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Report: Iran mulls 'pre-emptive attack' against Israel; commander warns of 'World War III'

Updated at 4:46 a.m. ET: Iran could launch a pre-emptive strike on Israel if it was sure the Jewish state were preparing to attack it, a senior commander of its elite Revolutionary Guards was quoted as saying on Sunday.

Amir Ali Hajizadeh, a brigadier general in the Islamic Revolutionary Guard Corps, made the comments to Iran's state-run Arabic language Al-Alam television, according to a report on the network's website.

"Iran will not start any war but it could launch a pre-emptive attack if it was sure that the enemies are putting the final touches to attack it," Al-Alam said, paraphrasing the military commander.

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Hajizadeh, who heads the Guard's aerospace division, said any attack on Iranian soil could trigger "World War III."

"We cannot imagine the Zionist regime starting a war without America's support. Therefore, in case of a war, we will get into a war with both of them and we will certainly get into a conflict with American bases," he said. "In that case, unpredictable and unmanageable things would happen and it could turn into a World War III."

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U.S. facilities in Bahrain, Qatar and Afghanistan would be targeted, he added. 

"There will be no neutral country in the region," Hajizadeh was quoted as saying. "To us, these bases are equal to U.S. soil."

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The U.S. Fifth fleet is based in Bahrain and the U.S. has a heavy military presence in Afghanistan.

U.S. officials reportedly suspect Iran is behind a string of recent cyber attacks that were aimed at major U.S. banks. Jim Finkle of Reuters has more on the story.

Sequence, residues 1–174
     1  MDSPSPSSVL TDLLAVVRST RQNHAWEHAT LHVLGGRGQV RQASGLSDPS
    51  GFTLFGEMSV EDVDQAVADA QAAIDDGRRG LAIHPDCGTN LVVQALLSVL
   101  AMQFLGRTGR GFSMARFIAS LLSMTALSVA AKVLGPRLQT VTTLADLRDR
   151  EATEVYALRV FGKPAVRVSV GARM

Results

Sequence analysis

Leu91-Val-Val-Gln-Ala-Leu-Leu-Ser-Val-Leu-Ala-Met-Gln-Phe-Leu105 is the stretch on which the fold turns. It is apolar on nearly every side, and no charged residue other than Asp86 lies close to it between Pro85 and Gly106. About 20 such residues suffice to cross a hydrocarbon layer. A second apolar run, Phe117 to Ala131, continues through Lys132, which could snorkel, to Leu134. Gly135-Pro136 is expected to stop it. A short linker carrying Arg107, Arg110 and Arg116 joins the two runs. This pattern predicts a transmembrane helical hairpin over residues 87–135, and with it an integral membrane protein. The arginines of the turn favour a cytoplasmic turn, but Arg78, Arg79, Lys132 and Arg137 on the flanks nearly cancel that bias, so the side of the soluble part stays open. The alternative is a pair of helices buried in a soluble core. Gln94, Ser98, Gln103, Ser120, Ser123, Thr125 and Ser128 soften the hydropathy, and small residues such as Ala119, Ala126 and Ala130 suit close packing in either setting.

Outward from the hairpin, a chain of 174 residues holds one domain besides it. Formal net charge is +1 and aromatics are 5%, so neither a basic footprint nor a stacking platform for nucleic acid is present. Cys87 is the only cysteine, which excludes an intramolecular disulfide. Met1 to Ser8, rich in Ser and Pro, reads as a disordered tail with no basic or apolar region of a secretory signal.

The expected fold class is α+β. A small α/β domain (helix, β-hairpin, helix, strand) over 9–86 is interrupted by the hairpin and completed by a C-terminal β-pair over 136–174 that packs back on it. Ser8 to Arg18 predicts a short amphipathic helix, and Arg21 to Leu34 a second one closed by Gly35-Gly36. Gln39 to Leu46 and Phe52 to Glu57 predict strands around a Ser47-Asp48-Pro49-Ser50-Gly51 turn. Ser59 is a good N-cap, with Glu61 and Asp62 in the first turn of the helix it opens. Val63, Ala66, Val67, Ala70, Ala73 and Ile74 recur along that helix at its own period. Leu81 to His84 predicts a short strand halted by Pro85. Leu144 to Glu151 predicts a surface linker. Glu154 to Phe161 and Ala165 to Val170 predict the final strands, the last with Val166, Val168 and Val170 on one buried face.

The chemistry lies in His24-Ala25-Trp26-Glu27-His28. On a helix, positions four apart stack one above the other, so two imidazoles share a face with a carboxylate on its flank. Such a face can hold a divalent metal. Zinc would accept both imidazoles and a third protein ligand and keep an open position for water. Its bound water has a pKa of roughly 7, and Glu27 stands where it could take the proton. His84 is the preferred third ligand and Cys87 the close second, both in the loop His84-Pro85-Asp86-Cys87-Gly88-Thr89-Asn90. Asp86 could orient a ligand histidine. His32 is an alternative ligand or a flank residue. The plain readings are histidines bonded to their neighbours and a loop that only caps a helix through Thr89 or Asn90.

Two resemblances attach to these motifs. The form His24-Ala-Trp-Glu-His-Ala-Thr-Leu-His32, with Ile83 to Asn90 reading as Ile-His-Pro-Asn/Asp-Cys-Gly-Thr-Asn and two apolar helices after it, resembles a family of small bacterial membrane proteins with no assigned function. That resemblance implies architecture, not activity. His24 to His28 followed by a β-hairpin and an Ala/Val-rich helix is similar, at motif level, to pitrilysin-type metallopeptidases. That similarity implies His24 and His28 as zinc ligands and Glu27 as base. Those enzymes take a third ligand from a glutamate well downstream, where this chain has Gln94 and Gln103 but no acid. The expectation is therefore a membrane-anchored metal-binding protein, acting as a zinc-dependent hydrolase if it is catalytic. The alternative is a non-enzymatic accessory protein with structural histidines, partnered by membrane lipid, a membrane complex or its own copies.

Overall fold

The Iranian warning appears an attempt to reinforce the potential wider consequences of an attack by Israel. The message is not only intended for Washington, but to its Gulf Arab allies that are fearful of a regional conflict that could disrupt oil shipment and cripple business hubs in places such as Dubai and Qatar's capital Doha.

It also comes during a major show of naval power in the Gulf by U.S.-led forces taking part in military exercises, including mine-sweeping drills. The U.S. Navy claims the maneuvers are not directly aimed at Iran, but the West and its regional allies have made clear they would react against attempts by Tehran to carry out threats to try to close critical Gulf oil shipping lanes in retaliation for tighter sanctions.

Friction mounts as Israel asks that U.S. give Iran an ultimatum; a tricky position for Obama, whose foreign policy has been lauded. NBC's Andrea Mitchell and CNBC's John Harwood report.

Despite Israeli hints of a military strike, Iran's military commanders believe Israel is unlikely to take unilateral action against Iran. The Guard's top commander, Gen. Mohammad Ali Jafari, said last week that Iran believes the United States won't attack Iran because its military bases in the Middle East are within the range of Iran's missiles.

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Iran has also warned that oil shipments through the strategic Strait of Hormuz will be in jeopardy if a war breaks out between Iran and the United States. Iranian officials have previously threatened to close the waterway, the route for a fifth of the world's oil, if there is war.

Israeli Prime Minister Benjamin Netanyahu discusses the "danger of not acting" in the era of a potentially nuclear-armed Iran.

Israel believes that any attack on Iran would likely unleash retaliation in the form of Iranian missiles as well as rocket attacks by Iranian proxies Hezbollah and Hamas on its northern and southern borders.

Prime Minister Benjamin Netanyahu has made increasing hints that Israel could strike Iran's nuclear sites and has criticized President Barack Obama's position that sanctions and diplomacy should be given more time to stop Iran getting the atomic bomb.

U.S. Ambassador to the United Nations Susan Rice explains the extent of Iran's nuclear capabilities, including the U.S. plan for response to such an incident.

Tehran denied it is seeking weapons capability and says its atomic work is peaceful, aimed at generating electricity.

Iran's President Mahmoud Ahmadinejad is currently in New York to attend the annual U.N. General Assembly and could seek to use his speech and meetings later this week to highlight the possible risks — including sharply higher oil prices — if military action is taken.

Reuters and The Associated Press contributed to this report.

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